Although the PR person who wrote this obviously thinks this is a major breakthrough, these guys are using a method which was originally invented by Japanese researchers three years ago (google for "CNT super growth"). The Japanese guys have since focused on getting the fastest growth rate possible (I think it's about 0.2mm/min... if you want to figure out how many, many years it would take to grow a space elevator). There are lots of people working on improving this growth method, 18mm arrays may be the longest, but it seems to be in the same range as other people working on the "super growth" method. That doesn't diminish this research, rather it means that this method is very likely to work in the long run for industrial scale growth of nanotubes for materials (more simply, it's easily reproducible, and people want "nano-enhanced" golf clubs).

    Isolated nanotubes have been grown longer than this (I've grown isolated nanotubes longer than this, and I'm not a growth specialist), as have bundles of nanotubes. This is the longest array of pure, aligned, continuous nanotubes.
    • by khallow (566160)
      What makes it not a major breakthrough? One of the problems with carbon nanotubes is that they don't adhere well to a resin matrix. A propose solution was to make really long nanotubes. 18 mm is really long. If they can make it in bulk, then they can make, for example, the space elevator tether. Even 0.2 mm/min is a sufficient growth rate if you're making enough (in orders of magnitude) carbon nanotubes at a time.
      • by Goldsmith (561202)
        If no one could make really long nanotubes, yeah it would be amazing, but arrays like this are routinely made several millimeters in length, and some people make single nanotubes ~150 mm long.

        The technology does not yet exist to piece together nanotubes strongly enough to make a space elevator... which is why I was careful to use the word "grow." If one could piece nanotubes together well enough, then everything does get much easier.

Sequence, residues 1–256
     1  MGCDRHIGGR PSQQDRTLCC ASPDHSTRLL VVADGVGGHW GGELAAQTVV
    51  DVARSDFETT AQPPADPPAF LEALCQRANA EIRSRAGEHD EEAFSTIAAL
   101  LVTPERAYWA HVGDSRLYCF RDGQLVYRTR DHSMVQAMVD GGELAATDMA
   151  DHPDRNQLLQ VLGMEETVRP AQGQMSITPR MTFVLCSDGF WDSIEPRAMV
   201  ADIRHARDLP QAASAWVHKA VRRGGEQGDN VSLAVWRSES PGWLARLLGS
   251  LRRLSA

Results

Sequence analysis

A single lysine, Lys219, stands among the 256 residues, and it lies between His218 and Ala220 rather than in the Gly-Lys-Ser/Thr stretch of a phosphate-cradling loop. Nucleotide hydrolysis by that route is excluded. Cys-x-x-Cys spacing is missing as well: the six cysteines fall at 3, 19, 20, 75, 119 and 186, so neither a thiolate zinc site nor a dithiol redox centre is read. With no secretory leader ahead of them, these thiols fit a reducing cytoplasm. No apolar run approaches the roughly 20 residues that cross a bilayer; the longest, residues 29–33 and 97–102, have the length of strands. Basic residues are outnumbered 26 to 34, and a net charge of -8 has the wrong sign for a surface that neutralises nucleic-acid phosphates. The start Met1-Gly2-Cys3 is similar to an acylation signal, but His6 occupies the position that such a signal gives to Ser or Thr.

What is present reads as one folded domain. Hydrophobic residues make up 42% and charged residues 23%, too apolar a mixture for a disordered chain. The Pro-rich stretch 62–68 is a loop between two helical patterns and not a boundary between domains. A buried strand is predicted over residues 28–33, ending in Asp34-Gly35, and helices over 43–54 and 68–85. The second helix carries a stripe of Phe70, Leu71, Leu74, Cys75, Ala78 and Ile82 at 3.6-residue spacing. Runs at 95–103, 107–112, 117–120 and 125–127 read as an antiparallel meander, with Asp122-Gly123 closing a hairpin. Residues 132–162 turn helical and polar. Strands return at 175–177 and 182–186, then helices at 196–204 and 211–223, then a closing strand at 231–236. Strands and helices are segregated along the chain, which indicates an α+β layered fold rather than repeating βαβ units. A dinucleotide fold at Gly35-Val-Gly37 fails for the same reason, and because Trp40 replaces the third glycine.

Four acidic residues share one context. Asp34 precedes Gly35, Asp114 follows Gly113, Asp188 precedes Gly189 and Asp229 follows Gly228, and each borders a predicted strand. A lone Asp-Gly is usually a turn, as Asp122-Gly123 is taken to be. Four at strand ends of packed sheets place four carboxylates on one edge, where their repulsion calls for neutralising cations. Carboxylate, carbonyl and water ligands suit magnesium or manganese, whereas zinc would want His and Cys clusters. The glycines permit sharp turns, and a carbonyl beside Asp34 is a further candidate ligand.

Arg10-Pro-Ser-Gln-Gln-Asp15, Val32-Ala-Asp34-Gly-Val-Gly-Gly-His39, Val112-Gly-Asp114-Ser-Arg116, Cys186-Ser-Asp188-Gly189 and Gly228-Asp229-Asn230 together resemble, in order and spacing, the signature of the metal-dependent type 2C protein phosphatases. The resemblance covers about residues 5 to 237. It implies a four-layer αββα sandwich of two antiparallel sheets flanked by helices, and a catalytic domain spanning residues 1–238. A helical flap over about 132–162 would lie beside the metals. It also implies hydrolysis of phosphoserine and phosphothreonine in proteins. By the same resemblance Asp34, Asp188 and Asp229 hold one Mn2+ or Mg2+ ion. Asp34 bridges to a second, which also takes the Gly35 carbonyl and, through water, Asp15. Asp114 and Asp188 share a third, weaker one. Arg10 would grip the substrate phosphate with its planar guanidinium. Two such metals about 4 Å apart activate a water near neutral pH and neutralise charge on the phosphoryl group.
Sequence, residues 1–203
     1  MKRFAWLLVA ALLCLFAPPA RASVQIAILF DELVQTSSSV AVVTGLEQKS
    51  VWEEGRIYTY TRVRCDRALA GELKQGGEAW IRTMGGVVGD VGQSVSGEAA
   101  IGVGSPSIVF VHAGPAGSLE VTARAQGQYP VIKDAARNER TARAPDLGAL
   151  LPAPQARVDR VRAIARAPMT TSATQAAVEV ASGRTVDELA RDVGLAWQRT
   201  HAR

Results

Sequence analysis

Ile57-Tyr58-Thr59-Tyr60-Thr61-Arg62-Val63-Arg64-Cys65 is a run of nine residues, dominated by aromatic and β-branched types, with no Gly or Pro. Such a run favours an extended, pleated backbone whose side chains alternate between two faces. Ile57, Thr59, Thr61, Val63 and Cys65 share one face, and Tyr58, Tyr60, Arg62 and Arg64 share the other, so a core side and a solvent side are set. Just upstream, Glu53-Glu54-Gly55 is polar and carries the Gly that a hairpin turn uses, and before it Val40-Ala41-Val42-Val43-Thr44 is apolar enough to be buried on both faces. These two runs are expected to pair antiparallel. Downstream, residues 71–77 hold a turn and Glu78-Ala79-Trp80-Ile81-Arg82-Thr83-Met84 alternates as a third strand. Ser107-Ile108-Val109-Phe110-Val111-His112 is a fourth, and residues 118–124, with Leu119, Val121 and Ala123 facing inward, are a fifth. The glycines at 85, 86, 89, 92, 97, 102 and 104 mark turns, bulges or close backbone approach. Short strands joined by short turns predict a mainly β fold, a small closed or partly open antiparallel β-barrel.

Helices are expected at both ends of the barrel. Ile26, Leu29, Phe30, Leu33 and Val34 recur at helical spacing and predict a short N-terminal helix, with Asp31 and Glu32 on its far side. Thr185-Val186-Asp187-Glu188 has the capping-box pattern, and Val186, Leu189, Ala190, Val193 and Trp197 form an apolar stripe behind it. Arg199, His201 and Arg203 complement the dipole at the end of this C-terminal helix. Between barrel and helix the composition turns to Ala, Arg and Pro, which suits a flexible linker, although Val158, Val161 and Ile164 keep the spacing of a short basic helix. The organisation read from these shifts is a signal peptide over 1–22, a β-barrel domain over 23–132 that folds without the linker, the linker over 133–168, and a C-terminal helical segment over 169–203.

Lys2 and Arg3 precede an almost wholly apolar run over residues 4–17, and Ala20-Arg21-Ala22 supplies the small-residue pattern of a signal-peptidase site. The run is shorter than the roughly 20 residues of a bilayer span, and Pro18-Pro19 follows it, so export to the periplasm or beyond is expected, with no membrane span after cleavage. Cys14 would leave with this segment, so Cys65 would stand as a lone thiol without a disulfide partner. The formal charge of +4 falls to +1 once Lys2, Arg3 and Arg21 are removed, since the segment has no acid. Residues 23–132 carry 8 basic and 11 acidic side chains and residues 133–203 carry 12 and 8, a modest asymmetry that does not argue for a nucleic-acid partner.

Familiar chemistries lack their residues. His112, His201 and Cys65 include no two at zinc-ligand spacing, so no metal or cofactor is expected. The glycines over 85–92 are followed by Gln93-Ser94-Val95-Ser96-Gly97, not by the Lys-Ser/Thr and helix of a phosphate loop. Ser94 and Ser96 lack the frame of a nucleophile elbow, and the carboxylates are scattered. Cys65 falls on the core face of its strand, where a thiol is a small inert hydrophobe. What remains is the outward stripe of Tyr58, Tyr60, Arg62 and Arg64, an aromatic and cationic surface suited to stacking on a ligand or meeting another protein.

• by khallow (566160)
          I guess I don't see the problem. Are there quality control problems with these lengths (eg, many flaws for the length)? They seem sufficiently long even with a weakly bonding resin. I don't see the reason one couldn't make an adequate space tether from Earth to past geostationary with these lengths. For example, in the paper, "Direct Spinning of Carbon Nanotube Fibers from Chemical Vapor Deposition Synthesis" [sciencemag.org] by Ya-Li Li, Ian A. Kinloch, Alan H. Windle, they claim to (among other things) spin a thread with
          • by Goldsmith (561202)
            I see where you're going with that, but the intertube tensile strength doesn't scale with length. Binding energy is different from tensile strength. The work which you're doing in pulling apart nanotubes depends on how the binding energy changes with time, not so much on the total energy. If you pull a 100nm section of a nanotube out of a bundle, you could think of it costing the entire binding energy, but then you get back 100nm less than the starting binding energy when you stop So the end cost of tha
            • by khallow (566160)
              Drat, I see your point. You might be able to get top performance if the structure isn't loaded normally, but doesn't seem viable for cables under heavy loads for years at a time.
  • a clarification (Score:1, Informative)

    by Anonymous Coward
    This is not the record for longest tube ever grown. Groups have grown single tubes the size of their substrate wafers (4 inches usually). This group grew a long bundle of CNTs. In the field we call these 'forests'--imagine a lawn, but at the nanoscale. The blades of grass are the CNTs poking up off the surface.

    Remember also that the figure of merit of a CNT when used for its mechanical properties is the growth defect density per meter, and even for the best growth techniques so far this ends up being
  • I don't normally complain about mods/tags etc (seems a bit pedantic), but how did this get tagged as 'biotech'?

    Is the word 'carbon' enough to be classified as 'biotech'? Is a pencil 'biotech' now?

  • RTFA (Score:2, Informative)

    by Raynor (925006)
    It would be nice if people actually read up the subject before posting this garbage...

    This is not "The World's Longest Carbon Nanotubes." It's the longest mass-producable parallel carbon nanotubes.
  • Here's what I remember from last time...

    To be held up, a space elevator needs a FABRIC with a tensile strength of about 65GPa.
    To build it, you'd want a safety factor of about two, thereby a tensile strength of about 120-130GPa.

    I do not know the specs of the tubes from TFA, however

    Very short INDIVIDUAL single-walled carbon nanotubes have been created (in a lab, in small quantities, using processes that may be prohibitively expensive) with measured individual fiber strength of about 60GPA.
    "Very long" ones wer
  • Nanometers wide, millimeters long. Isnt that an aspect ratio approaching a million?